If you already have an existing site with traffic, the quickest way to an often times BIG performance boost is by auditing your site and capitalizing on existing improvements.
If you’re starting from scratch, you’ll want to check out our guide on how to launch an SEO campaign first, and come back to this at a later point in time.
Sometimes we get too caught up in our other digital marketing efforts, such as creating new content or working on getting new backlinks that we forget to identify and executive already existing opportunities.
This is a compact version of what we identify, implement and capitalize on for our clients, and with this exact checklist, we’ve been able to double organic traffic for some of our clients:
Achieving quick wins and traffic gains have never been easier than for an existing webpage that’s never audited what’s going on behind the scenes.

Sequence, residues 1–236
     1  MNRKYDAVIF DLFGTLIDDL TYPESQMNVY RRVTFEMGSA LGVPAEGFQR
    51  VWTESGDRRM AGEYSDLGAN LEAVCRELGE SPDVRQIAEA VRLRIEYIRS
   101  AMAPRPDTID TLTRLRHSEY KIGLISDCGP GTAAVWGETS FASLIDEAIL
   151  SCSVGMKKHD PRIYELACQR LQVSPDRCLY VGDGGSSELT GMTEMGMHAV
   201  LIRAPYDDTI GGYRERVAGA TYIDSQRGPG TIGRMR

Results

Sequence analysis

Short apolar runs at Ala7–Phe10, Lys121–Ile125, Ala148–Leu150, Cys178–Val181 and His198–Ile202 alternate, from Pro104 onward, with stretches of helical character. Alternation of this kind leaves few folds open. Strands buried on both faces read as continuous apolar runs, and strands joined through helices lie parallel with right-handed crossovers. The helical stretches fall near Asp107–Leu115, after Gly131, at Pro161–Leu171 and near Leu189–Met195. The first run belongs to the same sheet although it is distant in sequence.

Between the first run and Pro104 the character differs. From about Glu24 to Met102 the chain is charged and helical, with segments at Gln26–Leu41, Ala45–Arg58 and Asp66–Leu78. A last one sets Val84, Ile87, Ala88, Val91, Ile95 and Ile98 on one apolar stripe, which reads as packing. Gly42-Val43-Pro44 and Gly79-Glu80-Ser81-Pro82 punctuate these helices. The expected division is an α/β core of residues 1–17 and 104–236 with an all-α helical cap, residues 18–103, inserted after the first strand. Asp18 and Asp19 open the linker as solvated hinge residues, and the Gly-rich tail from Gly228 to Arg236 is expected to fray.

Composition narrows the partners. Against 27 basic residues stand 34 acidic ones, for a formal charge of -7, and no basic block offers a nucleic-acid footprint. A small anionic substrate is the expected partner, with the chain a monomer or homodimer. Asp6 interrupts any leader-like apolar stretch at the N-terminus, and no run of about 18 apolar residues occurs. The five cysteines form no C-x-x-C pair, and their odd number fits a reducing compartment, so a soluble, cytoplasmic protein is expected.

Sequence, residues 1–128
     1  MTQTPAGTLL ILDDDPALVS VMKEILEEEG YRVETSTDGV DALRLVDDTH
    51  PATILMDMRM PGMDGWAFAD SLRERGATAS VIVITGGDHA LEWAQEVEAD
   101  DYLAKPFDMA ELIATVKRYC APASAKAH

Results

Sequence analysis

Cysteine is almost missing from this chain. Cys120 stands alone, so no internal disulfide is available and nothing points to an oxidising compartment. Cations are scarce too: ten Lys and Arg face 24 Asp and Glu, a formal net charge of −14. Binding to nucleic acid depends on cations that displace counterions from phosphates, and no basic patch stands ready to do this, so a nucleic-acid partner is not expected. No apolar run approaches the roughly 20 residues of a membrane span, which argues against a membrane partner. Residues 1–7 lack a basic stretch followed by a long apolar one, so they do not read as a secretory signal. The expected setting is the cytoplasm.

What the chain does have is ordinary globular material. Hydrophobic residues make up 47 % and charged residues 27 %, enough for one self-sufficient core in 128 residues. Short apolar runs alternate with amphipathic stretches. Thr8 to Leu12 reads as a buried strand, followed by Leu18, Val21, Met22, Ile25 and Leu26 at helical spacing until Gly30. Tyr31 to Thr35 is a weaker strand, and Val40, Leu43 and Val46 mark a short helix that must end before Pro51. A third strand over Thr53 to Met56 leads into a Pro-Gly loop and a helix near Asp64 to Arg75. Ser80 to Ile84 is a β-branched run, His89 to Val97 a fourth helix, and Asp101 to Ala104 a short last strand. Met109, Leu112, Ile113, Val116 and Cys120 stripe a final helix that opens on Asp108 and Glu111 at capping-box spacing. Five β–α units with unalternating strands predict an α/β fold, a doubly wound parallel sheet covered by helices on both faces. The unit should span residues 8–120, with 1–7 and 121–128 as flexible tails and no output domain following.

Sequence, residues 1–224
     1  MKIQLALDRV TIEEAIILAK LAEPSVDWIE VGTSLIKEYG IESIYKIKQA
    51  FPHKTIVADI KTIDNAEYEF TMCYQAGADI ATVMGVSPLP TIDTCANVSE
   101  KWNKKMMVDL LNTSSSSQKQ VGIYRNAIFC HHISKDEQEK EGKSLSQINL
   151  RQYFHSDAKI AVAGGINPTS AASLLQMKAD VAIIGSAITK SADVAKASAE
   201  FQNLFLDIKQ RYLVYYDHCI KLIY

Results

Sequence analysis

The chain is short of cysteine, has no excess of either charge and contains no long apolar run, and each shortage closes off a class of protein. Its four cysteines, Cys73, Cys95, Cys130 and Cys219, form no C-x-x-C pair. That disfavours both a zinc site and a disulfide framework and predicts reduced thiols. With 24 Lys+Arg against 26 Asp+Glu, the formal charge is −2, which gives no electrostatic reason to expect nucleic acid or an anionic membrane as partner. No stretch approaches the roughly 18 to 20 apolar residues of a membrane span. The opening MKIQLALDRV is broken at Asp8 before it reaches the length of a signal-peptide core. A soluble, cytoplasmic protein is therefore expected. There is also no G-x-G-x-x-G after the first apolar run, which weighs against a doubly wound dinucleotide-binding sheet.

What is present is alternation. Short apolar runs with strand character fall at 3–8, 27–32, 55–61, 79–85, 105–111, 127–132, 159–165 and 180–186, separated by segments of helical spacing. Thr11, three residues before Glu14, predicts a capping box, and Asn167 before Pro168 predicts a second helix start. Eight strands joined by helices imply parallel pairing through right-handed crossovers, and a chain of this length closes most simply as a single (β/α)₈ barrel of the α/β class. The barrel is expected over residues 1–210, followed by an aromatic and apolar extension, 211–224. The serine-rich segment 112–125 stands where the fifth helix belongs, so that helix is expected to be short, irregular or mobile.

Below are the tools we use and will introduce throughout the process. These are what we recommend and use, and surely, there’s many other variants out there:
Feel free to use what you’re comfortable with.
Let’s jump into the website audit checklist, and go in-depth on 20 tips that can help drive big gains for your domain.
You’d probably be surprised to learn that Google prefers when your website has fewer pages indexed.
What exactly do we mean by that?
Let’s start by running a simple search query in Google to answer that question:
This query is going to return all of the pages of your website that are indexed in Google.
What you’re going to want to pay attention to is listed underneath of the categories shown below:
You might surprised to find out after running this query how many pages of your website are indexed in Google, and probably without you even previously knowing.
Many websites have a lot MORE pages indexed in Google that than they know, and this isn’t necessarily a good thing.